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|Personal Finance editor
© St. Petersburg Times
published January 5, 2003
A letter that recently arrived from an 82-year-old widower was typical of many I have received over 11 years of writing the On Money column. After a lifetime of keeping his money safely tucked in the bank, low interest rates finally drove him to consider other options. He quickly became hopelessly confused.
"With no Internet, I desperately need help," he wrote. "I do not have financial knowledge. I realize this is not the best investment time and I need guidance to avoid serious risk."
These are tough times to be an investor -- with or without access to the Internet. Because of that, it is more important than usual to follow common sense guidelines when deciding what to do with your money. As we kick off our new Money section, I'd like to share four guidelines to live by.
No. 1 on my list is to restrict your investments to things you understand. Even if you use an investment adviser, blindly trusting someone else with your money is a bad idea. Some people learn about investments on their own, some do it with the help of their financial advisers. But until you actually do learn, keep your money invested within your knowledge and comfort zone.
No. 2 is to grasp the relationship between high yields and high risk. Especially if you are in your late 70s or older, spend some principal to meet expenses rather than chasing exotic, supposedly high-yielding investments and risking losing everything. I have heard many sad tales from people who lost their life savings in viaticals and notes backed by car loans.
Even if you are certain something is a great deal, pay attention to guideline No. 3: Diversify your investments. Spreading your money around can cut your risks dramatically. Real diversification covers the type of investment (stocks, bonds and cash) as well as the issuer, the industry and the geography. Don't tie all your money to a particular sector or region of the country.
Guideline No. 4 is to get a good grip on your risk tolerance and stay within it. Over the past three years, many investors discovered they were more risk averse than they thought. A key element of risk is your time horizon. If it is your emergency fund or money you might need to spend in the next few years, it belongs in short-term investments such as money market funds, not in long-term investments such as stocks and long-term bonds. If you are investing for retirement many years away, a long-term approach is your best bet for countering the risk of inflation.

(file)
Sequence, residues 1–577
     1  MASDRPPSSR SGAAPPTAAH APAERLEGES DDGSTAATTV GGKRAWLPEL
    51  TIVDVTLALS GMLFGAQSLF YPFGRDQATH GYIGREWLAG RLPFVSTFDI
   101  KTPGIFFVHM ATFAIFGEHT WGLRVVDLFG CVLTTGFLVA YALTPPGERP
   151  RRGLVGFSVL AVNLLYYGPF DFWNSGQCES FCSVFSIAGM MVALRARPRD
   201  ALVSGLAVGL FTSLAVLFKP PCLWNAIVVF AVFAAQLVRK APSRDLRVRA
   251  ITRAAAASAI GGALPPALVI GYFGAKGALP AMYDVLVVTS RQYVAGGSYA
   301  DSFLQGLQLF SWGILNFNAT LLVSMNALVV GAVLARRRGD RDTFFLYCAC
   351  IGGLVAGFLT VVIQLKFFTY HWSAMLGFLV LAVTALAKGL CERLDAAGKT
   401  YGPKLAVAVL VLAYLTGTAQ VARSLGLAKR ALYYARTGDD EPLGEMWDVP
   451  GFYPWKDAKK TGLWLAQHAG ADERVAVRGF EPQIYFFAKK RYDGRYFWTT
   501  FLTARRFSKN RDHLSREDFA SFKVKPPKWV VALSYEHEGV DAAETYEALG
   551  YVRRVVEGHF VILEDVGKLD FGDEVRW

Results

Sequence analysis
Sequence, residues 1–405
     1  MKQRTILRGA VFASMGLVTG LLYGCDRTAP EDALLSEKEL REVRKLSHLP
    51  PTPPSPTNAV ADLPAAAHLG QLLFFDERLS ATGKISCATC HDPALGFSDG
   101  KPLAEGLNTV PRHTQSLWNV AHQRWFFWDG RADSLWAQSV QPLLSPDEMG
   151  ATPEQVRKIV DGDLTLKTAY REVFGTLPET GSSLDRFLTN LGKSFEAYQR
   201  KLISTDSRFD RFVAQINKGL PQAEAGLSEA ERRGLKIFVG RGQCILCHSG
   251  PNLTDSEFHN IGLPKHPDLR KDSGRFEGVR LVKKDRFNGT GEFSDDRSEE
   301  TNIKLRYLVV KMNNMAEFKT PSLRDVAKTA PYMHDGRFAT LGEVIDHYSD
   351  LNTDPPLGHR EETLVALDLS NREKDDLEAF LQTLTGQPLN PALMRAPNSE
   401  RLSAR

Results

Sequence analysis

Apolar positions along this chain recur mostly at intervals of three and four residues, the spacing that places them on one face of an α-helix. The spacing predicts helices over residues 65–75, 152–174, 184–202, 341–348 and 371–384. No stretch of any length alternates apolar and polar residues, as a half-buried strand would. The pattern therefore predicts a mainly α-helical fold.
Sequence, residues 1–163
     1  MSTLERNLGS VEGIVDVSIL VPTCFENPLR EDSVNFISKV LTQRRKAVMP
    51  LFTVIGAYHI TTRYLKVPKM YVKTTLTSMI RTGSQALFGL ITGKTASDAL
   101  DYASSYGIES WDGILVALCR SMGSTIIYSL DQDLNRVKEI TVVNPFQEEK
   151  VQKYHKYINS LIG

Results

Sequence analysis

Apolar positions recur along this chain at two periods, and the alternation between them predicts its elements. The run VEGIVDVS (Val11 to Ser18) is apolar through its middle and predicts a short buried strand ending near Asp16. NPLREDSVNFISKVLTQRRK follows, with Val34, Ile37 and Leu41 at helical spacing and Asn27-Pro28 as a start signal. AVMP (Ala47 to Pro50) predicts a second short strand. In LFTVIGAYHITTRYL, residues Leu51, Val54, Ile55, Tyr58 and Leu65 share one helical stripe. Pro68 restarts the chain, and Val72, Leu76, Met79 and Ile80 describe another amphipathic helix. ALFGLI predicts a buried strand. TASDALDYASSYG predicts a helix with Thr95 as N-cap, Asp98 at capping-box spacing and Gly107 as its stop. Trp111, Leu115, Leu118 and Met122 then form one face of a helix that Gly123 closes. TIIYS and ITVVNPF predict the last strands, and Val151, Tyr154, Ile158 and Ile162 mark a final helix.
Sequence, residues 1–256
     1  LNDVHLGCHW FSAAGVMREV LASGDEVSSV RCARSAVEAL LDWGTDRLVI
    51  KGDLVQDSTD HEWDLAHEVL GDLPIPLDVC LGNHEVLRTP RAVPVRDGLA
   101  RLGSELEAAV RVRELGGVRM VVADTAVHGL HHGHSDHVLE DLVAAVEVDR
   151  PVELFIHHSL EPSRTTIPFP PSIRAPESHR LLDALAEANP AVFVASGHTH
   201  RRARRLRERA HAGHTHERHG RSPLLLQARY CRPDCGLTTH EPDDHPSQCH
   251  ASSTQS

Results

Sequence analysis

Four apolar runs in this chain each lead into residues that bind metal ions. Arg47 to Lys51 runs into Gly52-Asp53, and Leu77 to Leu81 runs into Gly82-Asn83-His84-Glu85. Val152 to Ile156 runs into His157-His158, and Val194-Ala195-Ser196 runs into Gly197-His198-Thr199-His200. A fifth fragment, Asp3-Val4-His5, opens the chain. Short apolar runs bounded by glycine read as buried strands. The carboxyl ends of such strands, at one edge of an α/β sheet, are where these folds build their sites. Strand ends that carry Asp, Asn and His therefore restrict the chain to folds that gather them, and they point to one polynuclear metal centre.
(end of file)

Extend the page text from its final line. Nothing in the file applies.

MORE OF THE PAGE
Q. If the Florida Prepaid College Program is discontinued, will my children get the benefits promised when they signed up? Who should I call about this?
The future of the prepaid program rests with the Legislature, which might decide that it is no longer financially feasible to guarantee tuition costs for prepaid participants.
Florida law protects the benefits of students who are within five years of college or already enrolled. Legally, the state could give refunds with interest to other participants if it discontinued the program. However, the Legislature might choose to grandfather in all those currently enrolled.
Talk to your state legislators if you are concerned about the program. For those who are not already enrolled, the deadline to sign up this year is Jan. 31. Call toll-free 1-800-552-4723 or visit the Web site (www.florida529plans.com) if you are interested.
Q. Many years ago I purchased AT&T stock, reinvesting all dividends. Now I hold many shares of AT&T and its spinoffs. I cannot for the life of me figure out my cost basis for each stock, should I elect to sell all or part of them. It's a tangled web. Can you help?
If you are inclined to figure this out yourself, look first at AT&T's Web site (www.att.com) in the "investor relations" section. For those who don't have access to the Internet, Horizon Publishing sells a book, AT&T Tax Wizard, for $14.95. Call toll-free 1-800-233-5922.
If you still need help, go to a tax professional to prepare your return for the year in which you sell your shares. Yours is a very common situation, and the tax preparer may even have the needed information on file.
-- Helen Huntley writes about investing and markets for the Times. If you have a question about investments or personal finance, send it to On Money. We'll try to answer those we think are of greatest reader interest. All questions must be submitted in writing, but readers' names will not be published. Send questions to Helen Huntley, Times, P.O. Box 1121, St. Petersburg, FL 33731.